The Forest Products Commission has confirmed that sandalwood oil yield and quality improves with age.
The results of this trial will be published in the next issue of the peer-reviewed journal, Australian Forestry.
Senior Forester Ecology Jon Brand said the trial was established 20 years ago by Conservation and Land Management.
“Six families of WA sandalwood were planted to test aromatic oil yield and quality over time,” Jon said.
The results of the trial found that both oil yield and quality increased significantly with age, supporting the idea that the sandalwood trees should be left in the ground for their full 25 to 30 year rotation.
The trial also found that oil production and tree form appeared to be partly genetically related, with some of the sandalwood families producing higher oil yields than their counterparts at both the 10 and 18 year marks.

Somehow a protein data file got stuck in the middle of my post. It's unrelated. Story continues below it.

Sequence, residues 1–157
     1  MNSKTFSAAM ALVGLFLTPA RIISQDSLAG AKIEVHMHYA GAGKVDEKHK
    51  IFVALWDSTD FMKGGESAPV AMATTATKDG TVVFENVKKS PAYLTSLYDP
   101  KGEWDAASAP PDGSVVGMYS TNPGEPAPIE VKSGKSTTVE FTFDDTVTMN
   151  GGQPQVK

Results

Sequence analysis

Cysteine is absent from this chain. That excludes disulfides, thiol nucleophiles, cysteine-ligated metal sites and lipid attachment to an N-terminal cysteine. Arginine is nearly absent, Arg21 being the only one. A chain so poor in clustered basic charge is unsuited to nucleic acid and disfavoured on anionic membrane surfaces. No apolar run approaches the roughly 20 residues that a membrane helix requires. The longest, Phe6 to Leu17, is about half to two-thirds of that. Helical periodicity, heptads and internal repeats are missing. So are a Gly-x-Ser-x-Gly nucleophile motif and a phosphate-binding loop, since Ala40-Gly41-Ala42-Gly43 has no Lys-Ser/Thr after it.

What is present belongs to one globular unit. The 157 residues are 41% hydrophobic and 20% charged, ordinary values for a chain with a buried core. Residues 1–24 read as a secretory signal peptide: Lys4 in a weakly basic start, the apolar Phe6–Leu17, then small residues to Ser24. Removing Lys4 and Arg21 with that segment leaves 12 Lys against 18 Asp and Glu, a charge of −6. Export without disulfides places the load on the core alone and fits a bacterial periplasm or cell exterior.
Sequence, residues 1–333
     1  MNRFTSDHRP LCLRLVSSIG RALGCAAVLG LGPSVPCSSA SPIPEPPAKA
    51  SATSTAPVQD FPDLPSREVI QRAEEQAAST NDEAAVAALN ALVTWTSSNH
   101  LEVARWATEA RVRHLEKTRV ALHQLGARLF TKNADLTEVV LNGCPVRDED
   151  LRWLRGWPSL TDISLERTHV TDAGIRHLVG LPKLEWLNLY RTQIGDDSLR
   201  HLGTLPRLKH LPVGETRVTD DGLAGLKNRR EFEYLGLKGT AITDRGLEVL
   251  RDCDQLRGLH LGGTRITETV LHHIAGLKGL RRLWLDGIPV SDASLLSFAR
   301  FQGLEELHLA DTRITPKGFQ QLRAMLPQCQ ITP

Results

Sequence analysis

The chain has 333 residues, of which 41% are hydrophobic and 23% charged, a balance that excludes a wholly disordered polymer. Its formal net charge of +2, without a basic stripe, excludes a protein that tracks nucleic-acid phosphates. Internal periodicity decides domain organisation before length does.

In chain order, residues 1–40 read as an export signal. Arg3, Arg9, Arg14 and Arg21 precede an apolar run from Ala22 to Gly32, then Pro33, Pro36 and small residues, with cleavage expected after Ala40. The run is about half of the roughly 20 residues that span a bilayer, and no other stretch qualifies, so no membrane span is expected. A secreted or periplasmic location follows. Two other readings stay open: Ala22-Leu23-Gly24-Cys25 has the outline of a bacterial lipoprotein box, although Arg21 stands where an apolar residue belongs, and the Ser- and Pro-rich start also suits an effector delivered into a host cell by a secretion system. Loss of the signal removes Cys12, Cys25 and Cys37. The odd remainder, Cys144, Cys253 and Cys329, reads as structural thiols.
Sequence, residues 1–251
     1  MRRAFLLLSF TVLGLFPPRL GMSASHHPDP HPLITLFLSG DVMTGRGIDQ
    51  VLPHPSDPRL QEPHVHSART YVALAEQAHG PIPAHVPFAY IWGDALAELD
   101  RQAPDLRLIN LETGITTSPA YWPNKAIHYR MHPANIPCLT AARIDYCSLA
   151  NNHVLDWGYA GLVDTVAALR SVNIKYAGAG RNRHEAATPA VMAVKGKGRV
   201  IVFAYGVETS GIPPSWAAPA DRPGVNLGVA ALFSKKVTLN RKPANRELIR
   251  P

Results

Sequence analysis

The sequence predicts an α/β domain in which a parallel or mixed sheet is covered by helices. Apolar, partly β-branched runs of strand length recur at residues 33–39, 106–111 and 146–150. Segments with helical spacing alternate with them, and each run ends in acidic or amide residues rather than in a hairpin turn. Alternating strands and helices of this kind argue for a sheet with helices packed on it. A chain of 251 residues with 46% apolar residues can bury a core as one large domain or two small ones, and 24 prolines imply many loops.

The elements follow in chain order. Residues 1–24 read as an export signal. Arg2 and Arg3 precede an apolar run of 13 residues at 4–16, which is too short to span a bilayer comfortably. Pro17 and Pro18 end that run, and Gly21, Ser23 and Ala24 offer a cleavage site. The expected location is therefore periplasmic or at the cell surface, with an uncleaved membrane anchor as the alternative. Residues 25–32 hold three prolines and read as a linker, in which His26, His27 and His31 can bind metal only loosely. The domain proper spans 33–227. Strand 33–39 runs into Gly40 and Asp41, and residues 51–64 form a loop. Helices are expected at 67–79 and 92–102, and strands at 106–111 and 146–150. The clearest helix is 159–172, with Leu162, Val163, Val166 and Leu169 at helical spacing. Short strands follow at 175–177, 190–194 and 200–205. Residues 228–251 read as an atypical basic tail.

“This provides evidence that there is scope for selecting superior sandalwood trees to produce higher oil yields,” Jon said.
The value of a sandalwood tree is mainly determined by the amount of oil and the quality of the oil contained within it. The results of this trial could lead to an increase in the value derived from sandalwood.
“The results are very exciting. It’s been a long process so it’s great to get such a positive outcome and to have the results published in Australian Forestry,” Jon said.
Congratulations to Jon, Len Norris and Mike Cully for their work on the trial.
An abstract of the article, with the full article available for purchase, is featured on the Australian Forestry Journal website.